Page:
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Satellite surveillance for disaster mitigation

 

V.S. Arya, B.S. Chaudhary, A.Beniwal, T.P. Babu and R.S. Hooda
Haryana State Remote Sensing Application Centre,
Hisar – 125 004, Haryana, India

Abstract
In India floods have become an unfailing annual national event causing rate havoc and extensive losses to agricultural statistics at an early stage is one of the essential requirement for effective management of flood problem and also to make the base-line information for taking preventive measures in future. Haryana witnessed severe floods during September 1995. The present study deals with mapping management of floods in Rohtak district, Haryana (India). Fifty five percent of the total geographical area of the district was inundated by floods covering three hundred villages. Heavy down pour in shorter duration, non maintenance and breaching of drain no8 and presence of localized depressions were the main causes of floods in the district. Desilting and deweeding of drain no.8, proper maintenance of embankments and construction of ring bunds around major settlements were suggested as the management practices for mitigating floods.

Introduction
In India, floods have an unfailing annual national even causing great havoc and extensive losses to agricultural crops, human life and property. The total flood affected area in 1987 was about 11.4 million hectare as compared to only 6 million hectare in 1981 (Rao, 89). Flood mapping through satellite remote sensing has been successfully carried out in India (Rammoorthy 1989, Hooda et. Al. 1995 Chaudhary et. Al. 1996) and abroad (Florezano, 1989 and Brouwer, 1996). Haryana which is one of the most agrarian State in India, has suffered from floods during the year 1995. However, during the last 40 years, efforts are being made by Central and State Governments to reduce the floods damages by taking appropriate measures. For planning the flood control and related works, reliable and timely information about flooded areas, river behavior and configuration prior to floods, during and after the floods is required. Such information is very difficult to acquire through conventional surveys. Advent of satellite remote sensing technology has helped in

solving the problem of mapping, monitoring and management of flood prone areas. Keeping this in view, the present study was carried out to map the extent of floods in Rohtak district, Haryana using remote sensing technology and to suggest management practices for mitigating flood.

Study Area
The study area that included entire Rotak district lies between 28o21′ to 29o06’N latitudes and 76o13′ to 76o58′ E longitudes. It covers a total geographical area of 3580 sq. kms. Rohtak district forms the outer of the bowel shaped topography of the Haryana state and therefore prone to floods despite low rainfalls.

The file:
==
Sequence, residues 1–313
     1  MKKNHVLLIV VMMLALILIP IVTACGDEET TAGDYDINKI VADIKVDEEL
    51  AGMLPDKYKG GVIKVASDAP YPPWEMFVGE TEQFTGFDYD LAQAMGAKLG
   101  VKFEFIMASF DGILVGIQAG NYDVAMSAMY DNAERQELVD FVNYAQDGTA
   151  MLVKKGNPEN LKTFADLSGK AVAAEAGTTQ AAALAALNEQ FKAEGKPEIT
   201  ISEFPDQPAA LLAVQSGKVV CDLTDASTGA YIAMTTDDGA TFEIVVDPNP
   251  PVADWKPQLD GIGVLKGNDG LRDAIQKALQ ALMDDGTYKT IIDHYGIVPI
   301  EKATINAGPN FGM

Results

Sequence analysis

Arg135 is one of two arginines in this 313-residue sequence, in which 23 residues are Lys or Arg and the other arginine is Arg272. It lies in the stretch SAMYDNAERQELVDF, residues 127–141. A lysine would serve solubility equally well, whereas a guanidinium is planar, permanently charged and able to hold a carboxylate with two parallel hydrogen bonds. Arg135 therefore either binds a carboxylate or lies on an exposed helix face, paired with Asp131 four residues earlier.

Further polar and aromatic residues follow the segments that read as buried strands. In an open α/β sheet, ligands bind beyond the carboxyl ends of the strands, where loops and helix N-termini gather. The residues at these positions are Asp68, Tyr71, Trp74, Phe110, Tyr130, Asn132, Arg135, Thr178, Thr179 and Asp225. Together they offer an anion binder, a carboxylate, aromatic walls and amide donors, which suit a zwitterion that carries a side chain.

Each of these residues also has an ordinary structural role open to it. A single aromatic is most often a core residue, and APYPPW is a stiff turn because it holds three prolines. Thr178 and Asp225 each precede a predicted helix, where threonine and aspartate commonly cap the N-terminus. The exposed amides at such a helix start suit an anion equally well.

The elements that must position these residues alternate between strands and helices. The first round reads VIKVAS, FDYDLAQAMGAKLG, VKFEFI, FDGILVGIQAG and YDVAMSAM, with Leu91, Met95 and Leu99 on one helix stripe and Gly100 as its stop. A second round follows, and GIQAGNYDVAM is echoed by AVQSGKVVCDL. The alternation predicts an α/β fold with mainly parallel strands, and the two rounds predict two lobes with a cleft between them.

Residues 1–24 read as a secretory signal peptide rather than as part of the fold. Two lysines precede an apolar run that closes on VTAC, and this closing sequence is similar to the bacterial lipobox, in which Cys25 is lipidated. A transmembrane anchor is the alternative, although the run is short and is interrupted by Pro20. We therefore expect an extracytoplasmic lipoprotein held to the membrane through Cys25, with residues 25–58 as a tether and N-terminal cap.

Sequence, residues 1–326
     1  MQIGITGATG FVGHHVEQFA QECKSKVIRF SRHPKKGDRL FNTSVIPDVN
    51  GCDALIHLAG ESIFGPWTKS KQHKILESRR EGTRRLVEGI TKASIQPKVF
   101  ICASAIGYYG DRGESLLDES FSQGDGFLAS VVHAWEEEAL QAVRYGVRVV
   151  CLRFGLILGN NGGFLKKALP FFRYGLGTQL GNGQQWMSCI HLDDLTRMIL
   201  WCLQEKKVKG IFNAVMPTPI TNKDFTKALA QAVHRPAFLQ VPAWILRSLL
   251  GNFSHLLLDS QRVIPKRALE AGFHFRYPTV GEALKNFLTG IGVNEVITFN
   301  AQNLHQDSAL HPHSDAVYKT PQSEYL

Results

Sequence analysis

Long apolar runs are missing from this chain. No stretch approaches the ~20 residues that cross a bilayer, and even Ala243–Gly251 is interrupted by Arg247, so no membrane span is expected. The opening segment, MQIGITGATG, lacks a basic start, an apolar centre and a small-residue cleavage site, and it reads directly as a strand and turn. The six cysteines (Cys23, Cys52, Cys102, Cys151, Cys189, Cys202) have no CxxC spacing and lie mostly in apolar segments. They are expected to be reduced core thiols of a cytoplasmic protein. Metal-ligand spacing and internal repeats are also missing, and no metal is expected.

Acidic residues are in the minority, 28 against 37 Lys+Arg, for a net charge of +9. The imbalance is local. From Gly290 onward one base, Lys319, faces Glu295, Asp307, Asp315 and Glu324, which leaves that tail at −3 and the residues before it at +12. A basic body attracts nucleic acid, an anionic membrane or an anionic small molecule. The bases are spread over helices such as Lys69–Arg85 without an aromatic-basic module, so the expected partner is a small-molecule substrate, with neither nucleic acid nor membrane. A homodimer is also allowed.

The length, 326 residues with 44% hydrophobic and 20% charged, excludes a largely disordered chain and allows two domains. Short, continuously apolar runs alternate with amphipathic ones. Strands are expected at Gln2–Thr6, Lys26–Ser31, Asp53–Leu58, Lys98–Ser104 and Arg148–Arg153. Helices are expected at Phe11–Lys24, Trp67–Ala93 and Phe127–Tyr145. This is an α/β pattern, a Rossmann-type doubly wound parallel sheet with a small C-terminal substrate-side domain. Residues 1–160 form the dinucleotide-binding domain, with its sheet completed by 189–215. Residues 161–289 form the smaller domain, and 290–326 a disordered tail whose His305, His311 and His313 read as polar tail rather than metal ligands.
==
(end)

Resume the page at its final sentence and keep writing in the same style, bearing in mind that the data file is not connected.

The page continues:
Hot summer, cool winter and merge rainfall are the main climatic characteristics of Rohtak district. The average annual rainfall in the district is 457.6 mm. It generally increases towards north east About 74% of the annual rainfall is received during the rainfall is received during the monsoon season. On an average there is 24 rainy days in a year in the district.

Data Base and Methodology
The data used are given as under :

  1. IRS IB LISS II Diapositive of September 16 and 18, 1995 and LANDSAT TM diapostive bulk scene of September 24, 1995 of the area.
  2. Survey of Inda topgraphical maps on 1:50,000 scale.
  3. Other ancillary data.

Base maps were prepared on 1:50,000 scale with the help of survey of India toposheets. Visual Interpretation techniques were employed by taking into consideration various image interpretation elements such as color, tone, texture, size, shape, shadow, pattern and association. The information regarding flood affected areas from film positive had been transferred on to the base maps using PROCOM-2. Doubtful areas were verified during field visits. The area were verified during field visits. The area under each category was calculated using dot-grid method.

Results and Discussion
The flood affected areas were delineated based up on the sharp contrast between water spread and adjacent areas. Following two categories of flood affected areas were identified (Fig. 1).


Figure 1
  1. Standing water
  2. Receded Water/Wet Areas